BAR HARBOR — James Godwin will give a talk about organ regeneration Jan. 14 at 5 p.m. in the Kinne Library at the MDI Biological Laboratory (MDIBL).
The talk, the first in the 2019 MDI Science Café series, is titled “Unlocking the Potential for Repair and Regeneration of Human Limbs, Hearts, Brains and Other Organs.”
“Though the ability to grow a new limb after injury or new heart muscle after a heart attack may seem like science fiction, regenerative biology may be closer than we think to achieving this goal,” event organizers said. “The key may lie with scarring, which appears to function as a barrier to regeneration in humans.”
Godwin, who studies regeneration in salamanders at MDIBL, will talk about how the potential for humans to achieve “salamander-like” regenerative capabilities could transform medicine. He will also discuss some key areas that are under investigation in regenerative biology and the path to the development of clinical therapies to promote scar-free regeneration and repair in humans.
“The salamander can faithfully repair damaged organs or replace a missing body part such as a limb, throughout its life,” Godwin said. “In contrast, humans and mice fail to replace damaged limbs or effectively heal other tissues without scarring, which reduces the ability of organs to function normally and can be fatal to organs such as the heart.”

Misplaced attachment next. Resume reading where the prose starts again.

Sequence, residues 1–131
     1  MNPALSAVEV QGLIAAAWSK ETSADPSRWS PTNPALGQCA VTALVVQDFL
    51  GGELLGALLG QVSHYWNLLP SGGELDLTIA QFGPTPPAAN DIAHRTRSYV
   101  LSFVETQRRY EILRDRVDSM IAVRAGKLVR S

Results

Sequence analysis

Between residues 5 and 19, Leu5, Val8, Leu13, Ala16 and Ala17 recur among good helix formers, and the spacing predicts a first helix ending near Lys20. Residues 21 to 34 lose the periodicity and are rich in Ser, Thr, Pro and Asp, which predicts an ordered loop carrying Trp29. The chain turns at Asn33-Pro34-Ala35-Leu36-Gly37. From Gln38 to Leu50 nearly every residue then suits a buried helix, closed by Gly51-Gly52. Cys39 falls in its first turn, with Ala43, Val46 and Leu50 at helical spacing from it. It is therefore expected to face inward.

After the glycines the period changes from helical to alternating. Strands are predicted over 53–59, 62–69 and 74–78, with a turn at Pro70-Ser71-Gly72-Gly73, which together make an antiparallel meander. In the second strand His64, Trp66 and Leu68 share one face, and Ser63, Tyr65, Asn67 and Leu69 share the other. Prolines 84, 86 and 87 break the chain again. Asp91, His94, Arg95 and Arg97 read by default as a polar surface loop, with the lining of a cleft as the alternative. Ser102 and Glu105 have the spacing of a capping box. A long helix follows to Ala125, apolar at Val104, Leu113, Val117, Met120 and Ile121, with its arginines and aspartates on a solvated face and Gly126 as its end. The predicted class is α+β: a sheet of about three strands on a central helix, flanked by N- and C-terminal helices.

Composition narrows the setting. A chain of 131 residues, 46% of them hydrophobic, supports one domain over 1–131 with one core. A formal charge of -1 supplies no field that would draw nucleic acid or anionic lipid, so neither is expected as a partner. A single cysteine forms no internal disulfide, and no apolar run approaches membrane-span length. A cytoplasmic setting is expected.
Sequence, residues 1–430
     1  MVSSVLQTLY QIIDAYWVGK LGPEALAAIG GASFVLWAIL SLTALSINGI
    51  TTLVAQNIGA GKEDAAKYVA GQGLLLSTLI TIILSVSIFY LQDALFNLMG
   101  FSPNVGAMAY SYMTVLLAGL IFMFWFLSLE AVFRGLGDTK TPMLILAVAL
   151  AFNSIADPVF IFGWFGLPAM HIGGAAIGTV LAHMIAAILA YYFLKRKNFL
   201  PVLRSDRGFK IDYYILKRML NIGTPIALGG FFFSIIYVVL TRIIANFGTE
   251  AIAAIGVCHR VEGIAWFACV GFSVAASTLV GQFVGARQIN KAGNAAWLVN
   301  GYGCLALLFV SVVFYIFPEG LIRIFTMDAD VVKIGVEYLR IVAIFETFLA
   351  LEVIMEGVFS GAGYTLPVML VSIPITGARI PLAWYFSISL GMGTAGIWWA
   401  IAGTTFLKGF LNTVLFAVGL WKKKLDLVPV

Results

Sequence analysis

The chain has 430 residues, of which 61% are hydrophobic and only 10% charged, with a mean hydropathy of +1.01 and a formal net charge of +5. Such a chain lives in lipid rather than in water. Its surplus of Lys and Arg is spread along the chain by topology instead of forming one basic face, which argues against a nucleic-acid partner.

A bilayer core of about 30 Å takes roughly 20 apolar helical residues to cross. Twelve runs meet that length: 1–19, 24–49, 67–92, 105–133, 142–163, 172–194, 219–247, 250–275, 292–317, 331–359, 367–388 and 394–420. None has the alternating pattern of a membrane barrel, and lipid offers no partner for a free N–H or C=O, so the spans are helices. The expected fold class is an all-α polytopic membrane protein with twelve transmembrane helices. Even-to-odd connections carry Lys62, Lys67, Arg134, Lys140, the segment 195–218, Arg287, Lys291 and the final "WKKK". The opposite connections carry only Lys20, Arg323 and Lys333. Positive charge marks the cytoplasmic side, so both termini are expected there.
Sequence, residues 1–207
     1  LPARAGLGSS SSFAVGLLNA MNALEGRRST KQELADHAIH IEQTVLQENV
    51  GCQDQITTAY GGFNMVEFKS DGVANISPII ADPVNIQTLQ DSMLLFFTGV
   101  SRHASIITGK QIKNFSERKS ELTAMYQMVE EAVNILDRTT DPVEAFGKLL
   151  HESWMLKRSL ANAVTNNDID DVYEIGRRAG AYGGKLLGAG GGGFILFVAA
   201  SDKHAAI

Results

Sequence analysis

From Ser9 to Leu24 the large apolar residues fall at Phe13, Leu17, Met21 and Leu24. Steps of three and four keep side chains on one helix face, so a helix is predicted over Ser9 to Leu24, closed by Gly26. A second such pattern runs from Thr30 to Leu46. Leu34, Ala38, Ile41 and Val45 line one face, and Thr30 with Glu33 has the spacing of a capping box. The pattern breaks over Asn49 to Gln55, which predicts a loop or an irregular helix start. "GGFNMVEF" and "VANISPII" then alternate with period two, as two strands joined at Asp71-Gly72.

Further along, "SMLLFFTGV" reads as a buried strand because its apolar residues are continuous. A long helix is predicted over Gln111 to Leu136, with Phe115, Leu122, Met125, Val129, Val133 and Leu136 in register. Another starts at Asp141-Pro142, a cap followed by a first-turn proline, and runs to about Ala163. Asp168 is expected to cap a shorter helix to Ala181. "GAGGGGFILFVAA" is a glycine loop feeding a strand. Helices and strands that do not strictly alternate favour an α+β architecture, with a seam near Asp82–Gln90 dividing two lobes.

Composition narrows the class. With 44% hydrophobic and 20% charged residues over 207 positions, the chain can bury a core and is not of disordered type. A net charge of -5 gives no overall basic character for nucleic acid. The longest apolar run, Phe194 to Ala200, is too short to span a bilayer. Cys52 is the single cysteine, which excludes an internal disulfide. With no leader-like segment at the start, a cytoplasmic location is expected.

By studying the advanced wound repair process in salamanders — in particular, a type of Mexican salamander called the axolotl that is nature’s champion of regeneration — Godwin has made significant progress toward understanding the potential barriers to human regeneration and how they may be overcome.
“The extraordinary incidence of death and disability from heart disease, for example, is directly attributable to scarring,” Godwin said. “If humans could get over the scarring hurdle in the same way that salamanders do, the system that blocks regeneration in humans could potentially be broken.”
In addition to regenerating heart tissue following a heart attack, the ability to unlock the dormant capabilities for regeneration in humans through the suppression of scarring has potential applications for the regeneration of tissues and organs lost to traumatic injury, surgery and other diseases, Godwin said.
His reflect the unique research approach at MDIBL, where scientists study regeneration in a diverse range of highly regenerative animal models with the goal of gaining insight into how to trigger dormant genetic pathways for regeneration in humans.
MDI Science Cafés are offered in fulfillment of the laboratory’s mission to promote scientific literacy and increase public engagement with science. The events offer a chance to hear directly from speakers about trends in science. Short presentations delivered in everyday language are followed by lively, informal discussion.
Visit mdibl.org/events/ or call 288-3147.